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Scottish Gaelic

Gaelic in Scotland

Gaelic came to with the Gaels or Scots from Ireland when they settled in Argyll around 500 AD and spread out when the Kingdom of the Scots extended throughout the country. Gaelic reached its zenith around 1100 AD when it was spoken from Caithness in the north to Annan in the south and from Fife in the east to the Islands in the west. Gaelic was the language of the kings of Scotland until Malcolm Canmore married his wife who spoke no Gaelic. Henceforth the influence of Gaelic began to wane among the aristocrats of the Lowlands. Gaelic was still spoken in Carrick and Galloway in the 17th century, but it was at its strongest in the Highlands and Islands.

At the time of the Lordship of the Isles Gaelic culture and scholarship underwent a revival and expansion. Classical Gaelic was used in the poetry of the MacMhuirich family in Uist until the 18th century. Another flourishing occurred in Gaelic poetry at the still time under the influence of poets such as William Ross, Alexander MacDonald and Duncan Bàn Macintyre, but the wheels of fortune were turning.

In the 17th century a series of anti-Gaelic laws emanated from Parliament in Edinburgh; after the Battle of Culldon other laws were enacted against Gaelic language and culture; organisations such as the SSPCK would not allow Gaelic to be used in their schools until the end of the 18th century; and the Education Act of 1872 ended the use of the language in the education system. The Highland Clearances began in the late 18th century and continued for a hundred years. Many believed they would never get a fair deal in the Highlands and left for Canada of the Lowland cities.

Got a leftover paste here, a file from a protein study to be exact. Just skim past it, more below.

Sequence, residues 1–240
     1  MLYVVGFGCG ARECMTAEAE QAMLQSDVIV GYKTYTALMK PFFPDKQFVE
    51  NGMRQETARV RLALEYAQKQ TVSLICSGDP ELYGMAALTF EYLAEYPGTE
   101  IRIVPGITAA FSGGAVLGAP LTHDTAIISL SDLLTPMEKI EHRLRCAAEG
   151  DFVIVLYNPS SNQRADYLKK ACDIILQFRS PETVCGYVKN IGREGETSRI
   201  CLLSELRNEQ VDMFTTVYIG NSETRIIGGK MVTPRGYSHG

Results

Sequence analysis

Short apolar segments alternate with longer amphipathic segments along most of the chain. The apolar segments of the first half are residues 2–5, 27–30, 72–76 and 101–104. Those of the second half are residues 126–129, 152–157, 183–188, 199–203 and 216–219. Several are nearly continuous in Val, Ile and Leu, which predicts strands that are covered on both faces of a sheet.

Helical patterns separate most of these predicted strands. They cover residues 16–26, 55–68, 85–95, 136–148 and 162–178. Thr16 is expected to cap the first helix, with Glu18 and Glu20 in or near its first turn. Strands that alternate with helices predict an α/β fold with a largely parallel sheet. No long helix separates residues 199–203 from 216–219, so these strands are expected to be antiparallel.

Despite the injustice handed out to Gaelic speakers, the language was not destined to die off. Gaelic culture underwent a revival in the 19th century in areas such as poetry, prose and music, and the revival has continued to the present day. Between the two World Wars, Gaelic was to be heard on radio and was taught in schools. Poets such as Sorley MacLean, Derick Thomson, Iain Crichton Smith and George Campbell Hay rose to prominence after the Second World War. More novels are being published today than at any other time. Gaelic medium education began in the late 20th century and more Gaelic medium schools are in the pipeline. Young people can be educated through the medium of Gaelic at all levels from playgroup to university. Radio nan Gàidheal has been in operation since the 1980s and a television channel, BBC Alba, began broadcasting in the early 2000s.

Despite satisfaction with such optimistic developments, the situation facing Gaelic at local level is not entirely positive. The 2001 Census showed that fewer than 60,000 people could speak Gaelic although over 92,000 can understand it. There were no parishes in which Gaelic remained as strong as it had been 100 years earlier. There were areas even in the Western Isles where Gaelic had become a minority language, and only one mainland parish, Lochalsh, could muster a Gaelic speaking population of 20%.

The 2011 census, shows that the number of Gaelic language speakers in Scotland - 58,000 - has almost stabilised at 2001 Census figures. Detailed analysis showed that this was to a significant extent attributable to the growth in the numbers of children acquiring the language in Gaelic-medium pre-school groups and Primary Education.